Notice how the last thing can sort of make you have to reconsider everything from the top down all over again, even if the change is only a very slight one. Your “general” best options may not match up with what your best options are in this specific match-up. You’re kind of learning everything in a recursive fashion, constantly refining the contents of your structure-house of knowledge by filling in more and more details. The things you add become increasingly narrow and more specific, but then you have to keep track of how little things affect the big picture. Basically one person’s movesets form options which form tactics which form strategies from which the other person can derive counter-moves and counter-options and counter-tactics and counter-strategies, from which the original person can again derive his own set of counters; this is happening from both sides.

(The exception to this process would be when a brand new option or technique is revealed to you that you had never seen before, experienced, thought of, didn’t even know was possible before, whatever. It can force you to reassess things from higher up in the chain again.)

Things to think about are movesets and their properties, options (YES YET AGAIN! durrh abahhbajilkmmkts), goals, tendencies, situations, setups, distances, positions, meter states, timer… pretty much anything and everything. What you’re looking for is basically what’s likely to occur, what’s likely to come out (commonalities and common trends in predicaments and game flow as well as your opponent’s individual actions) and finding things you can do that nullify or defeat those things, or pre-emptively prevent those things from occuring. Ideally you want to have more than one ready-to-go solution for everything that is likely to come up. This could be as wide as a very quick overview of where the game is at at that moment (example: you have meter, he doesn’t, you’re up one game, he’s up one round, you have the life lead, there are 50 seconds left on the clock, you’re a full screen apart) or precise shut-downs for particular attacks your opponent likes to use (He can’t safe-jump my reversal uppercut, I can sweep punish his whiffed crouch strongs on reaction, my standing forward beats his standing fierce consistently at this range, random crouching short counterhits his punch startup very often, I can teleport out of his crossups if see them coming). Your solutions to these problems will be things you discover, invent, design, create, think of, research, find by accident, are told or show, or learn or whatever. These solutions may be perfect or flawless, foolproof, guaranteed or 100% consistent, or maybe they’re just good enough, they work often enough, the trade is in your favour, or eventually the odds should theoretically pay off your way. They will have to do with the actual game mechanics as well as your abilities as a player (what you know that you can handle well, as well as what you can’t). As long as you have solutions and you understand just how good each solution is, you can start trying to employ them. (Note that if you know an answer and you can’t actually use it when you find the opening/see the opportunity/have the chance, practicepracticepractice.) In a nutshell you’re identifying “questions” and making sure you have “answers” to them.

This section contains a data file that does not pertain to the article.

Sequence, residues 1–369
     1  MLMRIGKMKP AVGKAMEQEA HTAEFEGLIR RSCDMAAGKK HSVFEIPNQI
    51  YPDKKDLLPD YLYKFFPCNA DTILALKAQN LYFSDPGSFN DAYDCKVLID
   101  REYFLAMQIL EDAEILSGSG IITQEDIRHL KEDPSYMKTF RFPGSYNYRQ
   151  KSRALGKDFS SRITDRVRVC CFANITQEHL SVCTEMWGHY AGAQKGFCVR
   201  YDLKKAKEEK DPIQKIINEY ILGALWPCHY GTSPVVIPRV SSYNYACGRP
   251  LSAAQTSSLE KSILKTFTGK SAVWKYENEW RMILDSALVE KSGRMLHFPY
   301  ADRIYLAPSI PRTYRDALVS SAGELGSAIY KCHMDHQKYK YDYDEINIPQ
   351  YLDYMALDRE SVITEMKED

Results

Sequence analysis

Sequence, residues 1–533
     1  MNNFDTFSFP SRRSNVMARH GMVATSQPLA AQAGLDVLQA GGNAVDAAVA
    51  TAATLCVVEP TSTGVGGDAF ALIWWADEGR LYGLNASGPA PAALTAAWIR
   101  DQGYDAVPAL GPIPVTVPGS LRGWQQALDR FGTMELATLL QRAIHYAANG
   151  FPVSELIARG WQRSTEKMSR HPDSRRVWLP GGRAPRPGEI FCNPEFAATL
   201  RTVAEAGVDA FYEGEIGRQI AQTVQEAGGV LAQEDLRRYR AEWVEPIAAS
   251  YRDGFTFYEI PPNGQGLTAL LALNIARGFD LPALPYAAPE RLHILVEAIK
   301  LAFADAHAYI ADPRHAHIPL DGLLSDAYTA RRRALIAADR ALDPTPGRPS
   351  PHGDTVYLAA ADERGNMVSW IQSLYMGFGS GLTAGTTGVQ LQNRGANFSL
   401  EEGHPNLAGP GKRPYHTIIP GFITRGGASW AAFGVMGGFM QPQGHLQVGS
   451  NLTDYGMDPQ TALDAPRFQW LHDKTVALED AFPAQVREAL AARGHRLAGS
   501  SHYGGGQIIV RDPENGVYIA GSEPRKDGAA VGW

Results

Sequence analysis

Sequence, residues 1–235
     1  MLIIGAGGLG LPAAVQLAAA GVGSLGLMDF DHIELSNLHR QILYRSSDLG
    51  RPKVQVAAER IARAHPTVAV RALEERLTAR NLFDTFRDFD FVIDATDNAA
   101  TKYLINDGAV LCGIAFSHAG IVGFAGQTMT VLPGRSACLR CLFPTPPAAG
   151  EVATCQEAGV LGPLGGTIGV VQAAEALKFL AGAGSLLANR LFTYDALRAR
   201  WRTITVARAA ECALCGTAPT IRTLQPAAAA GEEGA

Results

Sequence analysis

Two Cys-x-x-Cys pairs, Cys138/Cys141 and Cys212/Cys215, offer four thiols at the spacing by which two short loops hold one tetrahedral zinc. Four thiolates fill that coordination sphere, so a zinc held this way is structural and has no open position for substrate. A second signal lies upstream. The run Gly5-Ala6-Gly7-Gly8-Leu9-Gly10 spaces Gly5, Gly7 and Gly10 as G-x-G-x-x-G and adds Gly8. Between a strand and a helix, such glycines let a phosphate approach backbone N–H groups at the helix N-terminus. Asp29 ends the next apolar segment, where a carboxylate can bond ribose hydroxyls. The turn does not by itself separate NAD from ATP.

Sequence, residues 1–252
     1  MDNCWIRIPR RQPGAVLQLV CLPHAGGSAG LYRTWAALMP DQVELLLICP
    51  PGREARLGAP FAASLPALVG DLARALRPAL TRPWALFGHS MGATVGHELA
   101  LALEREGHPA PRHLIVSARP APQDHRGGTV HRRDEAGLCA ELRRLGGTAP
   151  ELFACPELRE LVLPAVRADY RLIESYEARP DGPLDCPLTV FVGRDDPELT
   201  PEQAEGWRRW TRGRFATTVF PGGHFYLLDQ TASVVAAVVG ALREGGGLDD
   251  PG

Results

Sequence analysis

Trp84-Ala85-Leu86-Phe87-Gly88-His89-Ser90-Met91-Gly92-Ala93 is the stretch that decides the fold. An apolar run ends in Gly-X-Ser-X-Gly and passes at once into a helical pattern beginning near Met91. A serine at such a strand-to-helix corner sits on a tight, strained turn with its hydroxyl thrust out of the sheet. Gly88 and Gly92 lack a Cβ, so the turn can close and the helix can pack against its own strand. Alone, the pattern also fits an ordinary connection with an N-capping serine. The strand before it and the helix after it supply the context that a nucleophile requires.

That last paragraph sounds very defensive-minded in nature. I guess the offensive way of looking at it would be to find “questions” you can present to your opponent that you don’t think he has (good or enough) “answers” to.

Without getting too wordy, obviously the way to start going about all of this is to play and study and play and study and play and study…

didn’t proofread fuck typos i’m not scared

edit: optimally, when you are playing, your knowledge of the match-up will serve as the framework for how you will play the match, an outline that is filled based on what you can ascertain about that particular person you’re playing against